Skip to main content
Go to homepage

Print Page

Speech and Language Disorders Factsheet (for Schools)

What Teachers Should Know

Speech refers to the way sounds and words are formed, and language refers to the use of words to receive and express information.

Kids with speech disorders may have trouble with:

  • articulation, the production of speech sounds
  • fluency, the rhythm and flow of speech
  • voice, the quality of pitch, resonance, or loudness

Students with language disorders may have trouble understanding or being understood through all forms of communication — verbal, nonverbal, and written. This can cause difficulty understanding the meaning of words and putting words together to form an idea.

Students with speech and language problems may have trouble with reading, writing, or speaking aloud in class. Treatment is aimed at improving skills through speech-language therapy. The sooner therapy begins, the better.

What Teachers Can Do

Students with speech and language impairments may benefit from individualized education programs (IEPs) or 504 education plans. If your student is being treated for a speech or language problem, part of the treatment may include seeing a speech-language pathologist during the school day. Therapy may be one or more times a week, depending on the severity of the condition.

Students with speech and language problems can feel stressed and anxious, which can make it even harder to talk and express themselves. A student may speak slowly in class and should be given plenty of time to express thoughts. It’s not helpful to interrupt or complete a sentence for the student, and might embarrass them.

To support students in your classroom:

  • Move kids closer to you. Having kids sit closer to the front of the class makes it easier to help them with questions and assignments. Kids also may need to sit closer to you if they have a hearing problem.
  • Make sure kids understand and write down assignments correctly to help avoid confusion.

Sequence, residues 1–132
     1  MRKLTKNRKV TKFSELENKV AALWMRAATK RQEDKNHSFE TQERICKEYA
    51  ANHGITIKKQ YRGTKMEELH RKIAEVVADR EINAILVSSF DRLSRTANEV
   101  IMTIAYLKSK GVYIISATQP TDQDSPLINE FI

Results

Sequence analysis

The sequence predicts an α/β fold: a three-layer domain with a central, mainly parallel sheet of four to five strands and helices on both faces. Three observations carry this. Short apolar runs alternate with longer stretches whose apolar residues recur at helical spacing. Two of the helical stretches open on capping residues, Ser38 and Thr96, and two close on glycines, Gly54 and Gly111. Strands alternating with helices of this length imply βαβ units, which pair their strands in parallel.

• Give extra time to complete assignments or make-up work when needed.
  • Substitute written papers or projects for oral presentations, or allow a student to demonstrate learning one-on-one with you. Asking questions in a way that lets the student give a brief answer can also help.
  • Use technology to make learning easier. This may include having real-time captioning on any videos used in the classroom and using voice-recognition software on computers.
  • Be patient (and encourage classmates to be patient) when students speak in class.
  • Talk about and celebrate differences. Students with speech or language problems want to be accepted like everyone else. But sometimes they’re targeted by others who see them as “different.” Talk about and celebrate differences, and focus on the interests that kids share. Be mindful of bullying, and keep a zero-tolerance policy for that behavior.

By addressing special needs and offering support when needed, you can help students with a speech and language disorders learn as best as possible.

Reviewed by: Larissa Hirsch, MD
Date Reviewed: Mar 10, 2021

Lea este articulo en Español

What next?

By using this site, you consent to our use of cookies. To learn more, read our privacy policy.